Kidney patients are at higher risk of unexpected disasters
Dr M.A.Samad, President KAMPS, Professor and Head, Department of Nephrology, Anwar Khan Modern Medical College and Hospital
The overwhelming majority of dialysis facilities in Bangladesh, precisely 95% of the total 215 centers, are located in urban regions. Consequently, residents of Cox's Bazar face the daunting task of travelling 90km to Chittagong to receive vital dialysis treatment. This distance becomes insurmountable during disasters when transportation is disrupted, leading to dire consequences. Similar picture is seen throughout our country. To ensure kidney health for all during emergencies, we need to take proactive measures.
Treatment of kidney failure is highly expensive. Therefore, let's raise the slogan "Kidney Health for All". Dialysis and Transplant service must be provided free of cost under universal health care.
One solution is for policymakers to introduce mobile dialysis centres, making the service more widely available during disasters. Additionally, doctors must take on responsibilities such as preparing patients mentally, creating emergency kits, and ensuring medicine and other essentials are available. Chronic patients should be registered to receive necessary treatments in emergencies. Journalists can also play a crucial role in raising awareness among patients, so they can make necessary preparations.
At-risk patients can prepare their emergency kits and gather information about alternative dialysis centres in advance. They should also establish a network of supportive individuals, including friends and family, who can assist them during times of need. Finally, patients should be informed about dos and don'ts during emergencies to prevent complications.
Dr Mehedi Ahmed Ansari, Professor, Department of Civil Engineering, BUET
It is imperative that the government takes proactive measures to assess the safety of all buildings, particularly medical and dialysis centers, in preparation for earthquakes. Those identified as at-risk should be strengthened accordingly. Earthquake signals often provide little time to evacuate, making strong and sturdy buildings crucial in providing protection for occupants.
In this regard, preparedness is paramount, with ensuring medical centers are earthquake-resistant taking priority. Anchoring medical equipment to the floor is also crucial as part of preparatory measures.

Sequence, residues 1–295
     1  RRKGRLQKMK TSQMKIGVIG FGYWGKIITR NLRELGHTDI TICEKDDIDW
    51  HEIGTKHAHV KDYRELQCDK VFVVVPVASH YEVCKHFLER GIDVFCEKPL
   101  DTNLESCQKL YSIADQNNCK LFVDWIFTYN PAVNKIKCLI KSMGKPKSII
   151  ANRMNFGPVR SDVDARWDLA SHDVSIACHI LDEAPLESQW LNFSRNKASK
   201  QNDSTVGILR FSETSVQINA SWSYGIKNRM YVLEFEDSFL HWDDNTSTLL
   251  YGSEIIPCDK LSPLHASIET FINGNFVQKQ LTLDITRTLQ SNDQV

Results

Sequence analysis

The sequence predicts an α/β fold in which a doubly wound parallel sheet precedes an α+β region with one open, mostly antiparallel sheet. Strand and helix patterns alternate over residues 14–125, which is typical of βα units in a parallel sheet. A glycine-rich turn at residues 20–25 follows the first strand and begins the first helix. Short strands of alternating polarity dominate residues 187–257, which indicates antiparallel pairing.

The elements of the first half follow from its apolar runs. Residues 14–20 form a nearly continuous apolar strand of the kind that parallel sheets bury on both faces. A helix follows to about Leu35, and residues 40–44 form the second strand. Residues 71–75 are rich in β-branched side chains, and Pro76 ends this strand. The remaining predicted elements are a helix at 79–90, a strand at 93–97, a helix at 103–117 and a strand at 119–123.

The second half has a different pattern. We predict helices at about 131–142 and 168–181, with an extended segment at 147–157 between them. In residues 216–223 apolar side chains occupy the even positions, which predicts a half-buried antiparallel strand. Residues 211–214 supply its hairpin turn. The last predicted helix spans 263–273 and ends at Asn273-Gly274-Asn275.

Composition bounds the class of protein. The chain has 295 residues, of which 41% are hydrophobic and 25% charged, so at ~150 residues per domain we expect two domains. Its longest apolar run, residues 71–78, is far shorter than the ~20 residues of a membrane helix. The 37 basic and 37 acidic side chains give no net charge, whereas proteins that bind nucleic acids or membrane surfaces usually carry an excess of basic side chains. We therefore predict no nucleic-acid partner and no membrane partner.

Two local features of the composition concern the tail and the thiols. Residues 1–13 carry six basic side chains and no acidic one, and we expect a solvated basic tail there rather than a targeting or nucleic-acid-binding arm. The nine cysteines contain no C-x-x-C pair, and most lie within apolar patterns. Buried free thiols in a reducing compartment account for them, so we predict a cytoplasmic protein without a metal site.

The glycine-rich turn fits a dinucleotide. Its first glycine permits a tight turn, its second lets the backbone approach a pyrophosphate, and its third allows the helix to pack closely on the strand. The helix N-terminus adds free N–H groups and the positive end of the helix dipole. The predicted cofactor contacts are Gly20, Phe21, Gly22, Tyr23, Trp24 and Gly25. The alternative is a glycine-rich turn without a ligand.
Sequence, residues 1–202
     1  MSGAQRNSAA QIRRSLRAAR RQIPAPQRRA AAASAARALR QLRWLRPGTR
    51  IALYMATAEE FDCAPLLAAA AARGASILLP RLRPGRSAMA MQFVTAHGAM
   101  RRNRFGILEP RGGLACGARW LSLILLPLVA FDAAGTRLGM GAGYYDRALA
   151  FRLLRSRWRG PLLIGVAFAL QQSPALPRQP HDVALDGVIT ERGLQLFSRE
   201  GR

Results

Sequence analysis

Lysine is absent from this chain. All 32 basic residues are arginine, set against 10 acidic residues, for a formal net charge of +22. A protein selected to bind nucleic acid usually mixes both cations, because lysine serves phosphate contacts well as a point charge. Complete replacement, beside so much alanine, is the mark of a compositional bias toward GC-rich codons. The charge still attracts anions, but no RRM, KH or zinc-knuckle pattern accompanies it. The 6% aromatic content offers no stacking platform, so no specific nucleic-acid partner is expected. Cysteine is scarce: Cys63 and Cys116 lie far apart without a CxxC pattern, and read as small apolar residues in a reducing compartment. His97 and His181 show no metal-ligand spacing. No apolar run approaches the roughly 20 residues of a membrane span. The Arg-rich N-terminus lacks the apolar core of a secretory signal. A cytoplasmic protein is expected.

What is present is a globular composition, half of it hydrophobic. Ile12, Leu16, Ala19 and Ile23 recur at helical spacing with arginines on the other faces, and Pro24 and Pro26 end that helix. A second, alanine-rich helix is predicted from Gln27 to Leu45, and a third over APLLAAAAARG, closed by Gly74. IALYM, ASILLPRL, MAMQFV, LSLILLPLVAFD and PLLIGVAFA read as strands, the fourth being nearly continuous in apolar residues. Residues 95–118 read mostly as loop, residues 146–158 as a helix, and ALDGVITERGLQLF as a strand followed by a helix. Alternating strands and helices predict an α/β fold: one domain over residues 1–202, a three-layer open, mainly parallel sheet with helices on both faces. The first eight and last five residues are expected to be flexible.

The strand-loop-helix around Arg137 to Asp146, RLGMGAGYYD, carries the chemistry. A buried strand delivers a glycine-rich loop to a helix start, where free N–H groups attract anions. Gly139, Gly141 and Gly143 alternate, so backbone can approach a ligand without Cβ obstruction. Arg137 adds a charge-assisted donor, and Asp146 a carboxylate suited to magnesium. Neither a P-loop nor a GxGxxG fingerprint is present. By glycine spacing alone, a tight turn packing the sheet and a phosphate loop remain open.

The northeast region of Bangladesh is particularly vulnerable to earthquakes, and hospitals built on unstable land should receive special attention to ensure their safety.
Dr Abdul Latif Hilali, Director of Program, Urban Resilience Program, RAJUK
We should start working on field-level projects to minimize the risk of earthquakes. The Bangladesh Urban Earthquake Resilience project, in collaboration with the World Bank, is a proactive government project aimed at achieving this goal. As part of the Earthquake Disaster Risk Reduction, a total of 3,252 buildings, including schools, colleges, and hospitals, were assessed on a priority basis. Of these, 42 buildings need to be demolished, while the rest remain vulnerable.
We have also developed a risk-sensitive land-use plan for Dhaka and a filled and sandy soil area map. Another project we initiated is the electronic construction permitting system, which enables floor-by-floor supervision without deviation, placing utmost importance on structural design. Additionally, we provided earthquake training to 1,200 engineers through 12 national and international professors.
To further minimize earthquake risk, we must be more vigilant in constructing and retrofitting buildings to withstand at least eight magnitudes of earthquakes. New constructions should adhere to the Bangladesh National Building Code, while older buildings should undergo retrofits following proper assessment. With gradual interventions, we can effectively mitigate the risk of earthquakes.
Professor Dr. Harun Ur Rashid, President, Kidney Foundation